It’s like the early days of personal computers when Apple and Microsoft were so different they could barely communicate with each other. Both operating systems were fine, with weaknesses and strengths. In the techno-world, we are no longer in a situation in which a Mac user receives a Windows file has to either convert it to the Mac format or say "Sorry, I can’t open it." But in the neuro-world we still are.

Until very recently – and, indeed, mostly still – autism and autistic people have been studied and described by neurotypicals. The distinction boils down to this: neurotypicals see and describe our “behaviours”; we (insofar as we have a voice) feel and describe our experiences. 

You see a tantrum resulting from being difficult, picky or disobedient. We experience a meltdown resulting from sensory, demand or cognitive over-stimulus. You think you see a panic attack and you talk to us. But we are experiencing a shutdown and the more you talk the worse we’ll get because it is not caused by the fight-flight-freeze response but by sensory and cognitive overload.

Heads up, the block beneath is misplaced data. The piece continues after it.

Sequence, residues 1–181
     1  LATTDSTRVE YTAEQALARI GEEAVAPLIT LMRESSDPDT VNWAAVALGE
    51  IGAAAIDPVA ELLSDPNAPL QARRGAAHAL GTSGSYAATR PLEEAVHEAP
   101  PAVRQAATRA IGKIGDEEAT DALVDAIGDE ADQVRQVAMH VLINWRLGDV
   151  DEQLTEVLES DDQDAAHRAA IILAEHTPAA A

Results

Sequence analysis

You see a difficulty or a disability that needs to be treated or cured. We experience a society that is bent on denying our natural difference and making us be other than we genuinely are.

You see mind-blindness. We experience frustration that you cannot understand us even when we either explain with minute precision or demonstrate that we are overwhelmed. Frustration that you expect us to read your mind, know your unwritten rules, speak your language when it is not our language. We get it wrong all the time – as one does when one is learning a language. You see mind-blindness, but who is mind-blind? Us? You? Both and neither. We are both simply experiencing the problem of double empathy. 

However – because they are in the majority – neurotypicals typically expect autists to understand them and conform to their ways of being (that is the aim of almost all “therapy” for autistic children, with greater or lesser degrees of coercion and even abuse), but it doesn’t generally occur to them to do the same for autists.

As a counsellor at a university student counselling service, I had of course worked with autistic students. Sometimes I thought “It might be helpful to this person if they knew that I was also autistic”.